Sacramento's Pakistani Americans declare war on terrorism
Three ways of looking at the situation;
As Muslims we need to continue to remain alert, if we have an inkling of some one who 'wishes' to hurt another being, it is our religious duty to pounce on him/her and stop it at once unequivocally. The Quraan says saving one life is like saving the whole humanity. The only sin God does not forgive is shirk, that is assigning some one to do God's job; one of them is to give life and take life. This is where we need to do our Jihad, to prevent a Bin Laden or another idiot to take over God's job. This is Shirk, unforgivable by God.
We need to send a clear signal to the terrorists, what the Muslims in Mumbai had done - deny burial in a Muslim cemetery if there is one. Let them know clearly that they are not welcome among Muslims, who the hell they think they are, God? No Muslim should tolerate any one to do God's job, it is a shirk to give another person the status of God.
As Americans we need to treat these guys as common criminals, and should resist the temptation of labeling them a Muslim or a Pakistani, what is the point, blame the man and not his family, school, city, religion or country? We need to do a study if these idiots do it for glory, if they do, we should not give them any, and there should not be any incentive to them.
As a civil society, we need to encourage open conversations across America, let people express their frustrations and share what is on their mind.
Mike Ghouse is a speaker, thinker, writer and an activist of Pluralism, Justice, Islam, India and Civil Societies. He is a conflict mitigater and a goodwill nurturer offering pluralistic solutions to issues of the day. http://www.mikeghouse.net/
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Sacramento's Pakistani Americans declare war on terrorism
By Stephen Magagnini - email@example.com
Sacramento's Pakistani American community Friday declared war on terrorism – whether it's in Pakistan or homegrown.
At the downtown Muslim mosque, several dozen local leaders thanked God for the quick arrest of Pakistan-born U.S. citizen Faisal Shahzad in connection with the attempted Times Square car bombing before anyone was hurt.
Bashir Choudry, president of the Pakistani American Association of Sacramento, and other leaders expressed sadness that another Pakistani American has been linked to terrorism. Choudry said the community will do whatever it takes to root out terrorism.
That includes working with law enforcement, creating a Pakistani studies program at UC Davis to teach people about Pakistan's problems and potential, and lobbying U.S. lawmakers to promote stability, transparency and democracy in Pakistan.
Businessman Farrukh Saaed asked all community members "to help law enforcement find and prosecute these criminals – anyone who hears about suspicious behavior needs to come forward to try to stop it initially at the grass-roots level before it becomes something big."
"We are all together in defeating forces trying to hurt or damage the American way of life – peace, justice and freedom," Choudry said.
Community leaders said they'd support the Department of Homeland Security's plan to monitor travel between the United States and Pakistan. "We will cooperate as long as there's a good reason and it's not racial profiling," Choudry said.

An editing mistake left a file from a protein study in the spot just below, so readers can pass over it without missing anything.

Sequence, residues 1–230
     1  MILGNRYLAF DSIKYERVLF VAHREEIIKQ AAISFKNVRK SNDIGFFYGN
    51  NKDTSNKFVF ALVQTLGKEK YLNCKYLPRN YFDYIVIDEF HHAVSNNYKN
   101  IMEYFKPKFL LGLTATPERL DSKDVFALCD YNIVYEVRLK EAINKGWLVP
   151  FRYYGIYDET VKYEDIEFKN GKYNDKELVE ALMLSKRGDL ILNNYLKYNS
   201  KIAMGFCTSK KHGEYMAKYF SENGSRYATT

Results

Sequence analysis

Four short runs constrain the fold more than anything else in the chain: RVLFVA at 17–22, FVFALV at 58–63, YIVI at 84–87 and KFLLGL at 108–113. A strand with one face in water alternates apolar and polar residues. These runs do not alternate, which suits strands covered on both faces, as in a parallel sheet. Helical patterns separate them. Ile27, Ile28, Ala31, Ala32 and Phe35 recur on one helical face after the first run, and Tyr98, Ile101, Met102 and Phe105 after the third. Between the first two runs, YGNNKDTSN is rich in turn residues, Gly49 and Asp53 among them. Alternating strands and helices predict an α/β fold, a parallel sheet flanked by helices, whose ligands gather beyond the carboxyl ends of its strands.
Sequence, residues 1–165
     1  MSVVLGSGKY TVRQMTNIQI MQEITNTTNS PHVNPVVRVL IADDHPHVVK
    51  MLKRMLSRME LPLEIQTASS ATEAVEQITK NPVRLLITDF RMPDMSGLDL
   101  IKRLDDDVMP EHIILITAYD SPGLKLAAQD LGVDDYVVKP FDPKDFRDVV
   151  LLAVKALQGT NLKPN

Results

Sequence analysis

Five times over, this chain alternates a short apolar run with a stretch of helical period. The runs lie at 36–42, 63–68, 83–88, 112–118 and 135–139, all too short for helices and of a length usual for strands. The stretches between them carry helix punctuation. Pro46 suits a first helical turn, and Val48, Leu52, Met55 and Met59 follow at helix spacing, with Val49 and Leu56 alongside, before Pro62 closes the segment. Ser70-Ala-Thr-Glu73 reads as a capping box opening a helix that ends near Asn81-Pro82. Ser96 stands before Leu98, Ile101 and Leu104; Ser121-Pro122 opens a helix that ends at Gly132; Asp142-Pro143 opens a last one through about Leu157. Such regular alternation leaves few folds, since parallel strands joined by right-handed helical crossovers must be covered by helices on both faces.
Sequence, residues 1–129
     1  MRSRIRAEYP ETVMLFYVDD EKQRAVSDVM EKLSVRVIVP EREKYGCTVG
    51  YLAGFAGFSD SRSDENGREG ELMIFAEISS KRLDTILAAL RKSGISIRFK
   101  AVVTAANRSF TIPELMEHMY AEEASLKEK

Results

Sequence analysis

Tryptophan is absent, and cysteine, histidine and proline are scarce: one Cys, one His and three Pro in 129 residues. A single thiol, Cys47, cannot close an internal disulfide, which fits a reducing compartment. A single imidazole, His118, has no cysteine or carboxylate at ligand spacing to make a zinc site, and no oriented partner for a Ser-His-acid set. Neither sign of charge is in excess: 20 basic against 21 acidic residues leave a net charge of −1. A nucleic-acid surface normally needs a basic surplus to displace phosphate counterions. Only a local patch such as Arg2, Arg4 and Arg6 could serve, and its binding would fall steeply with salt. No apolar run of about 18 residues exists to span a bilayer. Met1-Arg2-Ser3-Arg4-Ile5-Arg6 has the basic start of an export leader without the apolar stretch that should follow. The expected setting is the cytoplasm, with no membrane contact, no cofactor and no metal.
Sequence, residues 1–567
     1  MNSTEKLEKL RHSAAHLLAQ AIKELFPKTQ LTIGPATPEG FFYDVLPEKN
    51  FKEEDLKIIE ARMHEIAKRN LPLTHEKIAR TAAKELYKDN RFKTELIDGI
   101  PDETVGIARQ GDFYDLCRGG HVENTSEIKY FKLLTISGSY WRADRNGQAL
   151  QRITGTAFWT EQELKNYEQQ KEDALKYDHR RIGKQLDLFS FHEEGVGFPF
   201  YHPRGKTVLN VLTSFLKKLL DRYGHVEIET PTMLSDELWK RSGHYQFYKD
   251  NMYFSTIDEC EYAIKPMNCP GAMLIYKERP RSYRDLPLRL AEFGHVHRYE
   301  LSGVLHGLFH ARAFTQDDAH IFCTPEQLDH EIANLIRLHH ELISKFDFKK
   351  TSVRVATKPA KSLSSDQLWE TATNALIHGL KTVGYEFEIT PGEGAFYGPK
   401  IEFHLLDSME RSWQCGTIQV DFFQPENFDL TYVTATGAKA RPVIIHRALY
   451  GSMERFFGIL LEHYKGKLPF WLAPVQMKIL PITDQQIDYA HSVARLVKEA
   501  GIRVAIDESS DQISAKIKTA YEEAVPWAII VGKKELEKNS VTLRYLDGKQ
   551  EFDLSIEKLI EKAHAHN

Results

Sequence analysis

The Rev. David Thompson, president of Sacramento's Interfaith Service Bureau, noted that the man "who found the smoking SUV and saved the day was a Muslim." True Islam is peaceful, "not this radicalized violence in the name of Islam," Thompson said.
Sacramento's 15,000 Pakistani Americans – whose roots in Northern California go back to 1895 – include doctors, lawyers, professors and philanthropists, said longtime community leader Rashid Ahmad.
"We have an obligation to educate our own people and American society about the true nature, problems and potential of Pakistan," said Ahmad, who supports a Pakistani Studies program at UC Davis and plans to invite the chief justice of Pakistan's Supreme Court to California.
Not only have Pakistanis laid down their lives to battle terrorism in Pakistan and Afghanistan Ahmad said, "our relatives in Pakistan face a daily onslaught from terrorist bombings."
To help Pakistanis solve their own problems, "Pakistani Americans have an obligation to communicate with our government in the U.S. to not give money, but support democratic forces, transparency, good government and good education," Ahmad said.
Times Square suspect Shahzad, the son of a decorated aviator in the Pakistani air force, is an unemployed financial analyst from the suburb of Shelton, Conn. He allegedly hatched the car bomb plot after numerous trips to Pakistan where he was trained by radical elements in the Pakistani Taliban.
Haseeb A. Rana, an IT manager at Intel in Folsom, expressed the frustration shared by many Muslims when Americans are linked to terrorism in Pakistan.
Lodi's Hamid Hayat was convicted of lying about attending a terrorist training camp in Pakistan in 2007.
In 2003, the "Lackawanna Six," Yemeni Americans from New York who attended an al-Qaida jihadist camp in Pakistan, pleaded guilty to terrorism charges.
"There are a lot of people like me who want to help but we don't know what to do – a good Muslim will never hurt anybody," Rana said. "We have to ask more questions so we can diagnose this cancer and find a cure."
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